Select Page

Trade Secrets
South Texas College of Law Houston
Page, Phillip E.

Trade Secret Outline
Page – Spring 2013
Chapter 1: Introduction
A.      The Emergence of the Common Law of Trade Secrecy (1800 to 1939)
a.       Encourages innovation, invention, and creativity
b.       Facilitates the sharing of information
c.        Any bit of information that is “secret” and of potential “independent economic value” can be protected by trade secret law so long as it is subject to “reasonable efforts to maintain its secrecy”
d.       Three overriding approaches
                                                               i.      Unfair competition (tort)
                                                              ii.      Property (tort)
1.       Strict liability offense
2.       May want to be careful labeling TS as property b/c would have to show D acted improperly, otherwise no strict liability
3.       Intent overlay makes TS as property difficult to prove
                                                            iii.      Contract
1.       NDAs, non-competes
a.       Reasonable, sometimes legal, way of protecting interests
2.       Confidentiality agreements
e.        Difference between legal and equitable relief
                                                               i.      TS don’t expire, unlike copyright/trademark
                                                              ii.      TS wither away
1.       Is it secret enough? Does amount of secrecy affect remedy?
                                                            iii.      Actual or threatened misappropriation may be enjoined
f.        General proof requirement for P
                                                               i.      There was a secret;
                                                              ii.      D improperly acquired, disclosed, or used P’s TS in violative manner; AND
1.       Can misappropriate TS if acquire TS in circumstances where D had a duty to maintain confidentiality
                                                            iii.      D’s action damaged P
g.        TS originally for protection and/or maintenance of business ethics and prevention of unfair competition
h.       Originally all common law
                                                               i.      Could only use tort of K theories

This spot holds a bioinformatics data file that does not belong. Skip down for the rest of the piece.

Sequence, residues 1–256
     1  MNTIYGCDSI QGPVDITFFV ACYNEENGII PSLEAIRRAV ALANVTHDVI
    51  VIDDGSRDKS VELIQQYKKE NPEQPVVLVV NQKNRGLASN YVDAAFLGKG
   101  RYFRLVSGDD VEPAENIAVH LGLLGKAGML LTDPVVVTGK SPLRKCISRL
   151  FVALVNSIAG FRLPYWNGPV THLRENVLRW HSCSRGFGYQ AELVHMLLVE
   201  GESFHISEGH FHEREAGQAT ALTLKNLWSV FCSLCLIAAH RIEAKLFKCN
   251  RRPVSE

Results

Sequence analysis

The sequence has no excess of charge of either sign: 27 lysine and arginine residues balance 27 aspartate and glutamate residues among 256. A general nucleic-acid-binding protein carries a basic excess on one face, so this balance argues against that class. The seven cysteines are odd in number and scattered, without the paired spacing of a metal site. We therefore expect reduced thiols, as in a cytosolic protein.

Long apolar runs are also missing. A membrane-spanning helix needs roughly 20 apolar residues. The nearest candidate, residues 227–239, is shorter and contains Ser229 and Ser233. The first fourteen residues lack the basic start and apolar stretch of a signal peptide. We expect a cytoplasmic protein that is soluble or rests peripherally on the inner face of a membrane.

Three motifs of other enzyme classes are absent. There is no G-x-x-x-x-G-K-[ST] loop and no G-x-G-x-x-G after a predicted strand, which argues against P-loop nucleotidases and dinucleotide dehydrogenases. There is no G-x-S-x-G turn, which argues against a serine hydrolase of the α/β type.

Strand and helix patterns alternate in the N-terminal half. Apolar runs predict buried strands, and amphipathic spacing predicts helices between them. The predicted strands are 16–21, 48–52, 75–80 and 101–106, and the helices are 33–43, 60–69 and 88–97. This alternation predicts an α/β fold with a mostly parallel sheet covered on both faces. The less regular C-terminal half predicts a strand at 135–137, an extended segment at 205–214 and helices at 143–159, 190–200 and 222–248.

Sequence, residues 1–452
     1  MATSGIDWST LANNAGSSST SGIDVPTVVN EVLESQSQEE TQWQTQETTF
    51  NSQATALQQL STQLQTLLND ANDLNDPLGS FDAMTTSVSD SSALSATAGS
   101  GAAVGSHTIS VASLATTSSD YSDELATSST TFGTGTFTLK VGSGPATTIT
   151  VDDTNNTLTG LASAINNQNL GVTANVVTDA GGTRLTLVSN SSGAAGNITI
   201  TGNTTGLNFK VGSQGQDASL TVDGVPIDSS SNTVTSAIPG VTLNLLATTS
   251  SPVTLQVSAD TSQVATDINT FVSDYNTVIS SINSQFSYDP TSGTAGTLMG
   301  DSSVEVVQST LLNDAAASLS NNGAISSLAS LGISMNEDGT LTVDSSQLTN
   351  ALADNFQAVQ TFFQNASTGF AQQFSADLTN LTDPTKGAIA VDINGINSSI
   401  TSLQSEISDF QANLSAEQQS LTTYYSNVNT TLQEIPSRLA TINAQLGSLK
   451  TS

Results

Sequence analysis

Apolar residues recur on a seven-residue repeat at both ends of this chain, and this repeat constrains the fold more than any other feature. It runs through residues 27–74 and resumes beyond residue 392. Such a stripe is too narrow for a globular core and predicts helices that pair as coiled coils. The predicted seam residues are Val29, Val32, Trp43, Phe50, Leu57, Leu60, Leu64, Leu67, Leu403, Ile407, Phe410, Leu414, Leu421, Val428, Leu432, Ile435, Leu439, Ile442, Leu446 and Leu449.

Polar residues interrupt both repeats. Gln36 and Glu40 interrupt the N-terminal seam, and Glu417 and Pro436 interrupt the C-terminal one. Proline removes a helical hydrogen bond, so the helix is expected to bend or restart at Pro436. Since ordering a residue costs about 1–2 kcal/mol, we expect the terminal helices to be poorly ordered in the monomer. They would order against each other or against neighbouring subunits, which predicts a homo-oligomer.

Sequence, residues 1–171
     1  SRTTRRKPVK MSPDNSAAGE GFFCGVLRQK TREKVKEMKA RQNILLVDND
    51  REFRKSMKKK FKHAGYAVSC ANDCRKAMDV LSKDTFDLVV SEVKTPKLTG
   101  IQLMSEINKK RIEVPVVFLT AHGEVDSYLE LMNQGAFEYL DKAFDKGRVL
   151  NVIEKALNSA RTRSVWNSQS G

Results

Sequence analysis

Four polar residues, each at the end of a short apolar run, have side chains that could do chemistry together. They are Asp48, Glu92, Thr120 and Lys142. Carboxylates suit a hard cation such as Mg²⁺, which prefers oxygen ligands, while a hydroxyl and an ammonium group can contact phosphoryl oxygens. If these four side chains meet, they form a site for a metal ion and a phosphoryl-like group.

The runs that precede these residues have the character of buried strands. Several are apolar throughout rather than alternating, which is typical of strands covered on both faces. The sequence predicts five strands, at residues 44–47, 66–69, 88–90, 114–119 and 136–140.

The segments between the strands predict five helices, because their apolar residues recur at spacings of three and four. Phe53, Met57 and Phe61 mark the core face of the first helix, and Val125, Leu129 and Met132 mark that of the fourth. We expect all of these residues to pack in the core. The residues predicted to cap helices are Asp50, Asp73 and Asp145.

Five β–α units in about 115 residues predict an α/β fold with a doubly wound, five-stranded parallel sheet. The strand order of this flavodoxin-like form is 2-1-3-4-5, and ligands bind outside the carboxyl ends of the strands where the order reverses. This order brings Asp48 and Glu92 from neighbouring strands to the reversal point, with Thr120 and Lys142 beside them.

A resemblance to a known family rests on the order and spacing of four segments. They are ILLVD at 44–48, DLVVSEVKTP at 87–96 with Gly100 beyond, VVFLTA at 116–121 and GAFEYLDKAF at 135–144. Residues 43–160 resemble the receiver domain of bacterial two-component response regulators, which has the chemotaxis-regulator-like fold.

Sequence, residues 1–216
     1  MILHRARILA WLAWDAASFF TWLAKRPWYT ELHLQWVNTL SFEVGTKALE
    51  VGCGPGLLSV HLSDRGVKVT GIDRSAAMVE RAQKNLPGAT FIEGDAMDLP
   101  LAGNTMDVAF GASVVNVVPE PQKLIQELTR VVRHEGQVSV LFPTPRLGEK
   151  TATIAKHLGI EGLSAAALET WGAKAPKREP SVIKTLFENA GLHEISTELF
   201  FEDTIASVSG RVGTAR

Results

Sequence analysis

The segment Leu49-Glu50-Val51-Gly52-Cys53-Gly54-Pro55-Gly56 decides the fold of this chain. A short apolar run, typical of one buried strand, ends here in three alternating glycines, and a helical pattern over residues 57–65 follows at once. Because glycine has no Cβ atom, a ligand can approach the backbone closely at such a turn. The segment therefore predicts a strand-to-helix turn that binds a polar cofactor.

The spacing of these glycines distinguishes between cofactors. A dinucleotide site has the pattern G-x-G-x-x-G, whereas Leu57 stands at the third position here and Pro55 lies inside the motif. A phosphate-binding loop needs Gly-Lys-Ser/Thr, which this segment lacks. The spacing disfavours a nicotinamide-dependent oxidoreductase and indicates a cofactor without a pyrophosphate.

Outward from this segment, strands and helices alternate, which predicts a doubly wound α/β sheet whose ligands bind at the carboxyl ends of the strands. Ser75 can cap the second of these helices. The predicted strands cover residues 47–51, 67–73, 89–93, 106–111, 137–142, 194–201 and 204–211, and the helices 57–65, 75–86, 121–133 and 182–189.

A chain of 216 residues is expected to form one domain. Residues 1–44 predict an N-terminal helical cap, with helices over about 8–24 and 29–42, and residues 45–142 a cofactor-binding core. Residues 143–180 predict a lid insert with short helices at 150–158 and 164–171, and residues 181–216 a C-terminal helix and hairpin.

1.       Relief difficult through K
a.       Argue implied-in-fact K
b.       Remedies would not provide injunction
c.        Third parties not in privity not included
2.       Tort
a.       Courts default theory
b.       Unfairness appreciated, but not falling under K
3.       Property
a.       Can sell a TS, so property-like
b.       Intellectual property
c.        Power to use TS to exclusion of world
d.       Inventor has a property interest, equities should be available
i.         Difference between TS and Patent
                                                               i.      Patent is a monopoly against all the world
                                                              ii.      TS has no right “except against those who have contracted, expressly or by implication, not to disclose the secret.”
B.      The Restatement (First) of Torts
a.       Section 757
                                                               i.      One who discloses or uses another’s TS, without privilege to do so, is liable to the other if:
1.       He discovered the secret by improper means, or
2.       His disclosure or use constitutes a breach of confidence reposed in him by the other in disclosing the secret to him, or
3.       He learned the secret from a third person with notice of the facts that it was secret and that the third person discovered it by improper means or that the third person’s disclosure of it was otherwise a breach of duty to the other, or
4.       He learned the secret with notice of the facts that it was secret and that its disclosure was made by mistake
b.       Section 758
                                                               i.      One who learns another’s TS from a third person without notice that it is secret and that the third person’s disclosure is a breach of his duty to the other, or who learns the secret through a mistake without notice of the secrecy and the mistake,